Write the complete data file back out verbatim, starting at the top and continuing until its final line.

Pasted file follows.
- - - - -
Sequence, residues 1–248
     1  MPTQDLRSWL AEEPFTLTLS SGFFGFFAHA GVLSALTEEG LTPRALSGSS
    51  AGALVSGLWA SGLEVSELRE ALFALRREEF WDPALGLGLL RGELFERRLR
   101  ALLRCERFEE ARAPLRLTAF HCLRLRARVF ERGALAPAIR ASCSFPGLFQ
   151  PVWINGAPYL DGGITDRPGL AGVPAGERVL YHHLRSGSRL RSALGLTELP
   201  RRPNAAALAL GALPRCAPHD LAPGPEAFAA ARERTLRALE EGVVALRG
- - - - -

Sequence, residues 1–248
     1  MPTQDLRSWL AEEPFTLTLS SGFFGFFAHA GVLSALTEEG LTPRALSGSS
    51  AGALVSGLWA SGLEVSELRE ALFALRREEF WDPALGLGLL RGELFERRLR
   101  ALLRCERFEE ARAPLRLTAF HCLRLRARVF ERGALAPAIR ASCSFPGLFQ
   151  PVWINGAPYL DGGITDRPGL AGVPAGERVL YHHLRSGSRL RSALGLTELP
   201  RRPNAAALAL GALPRCAPHD LAPGPEAFAA ARERTLRALE EGVVALRG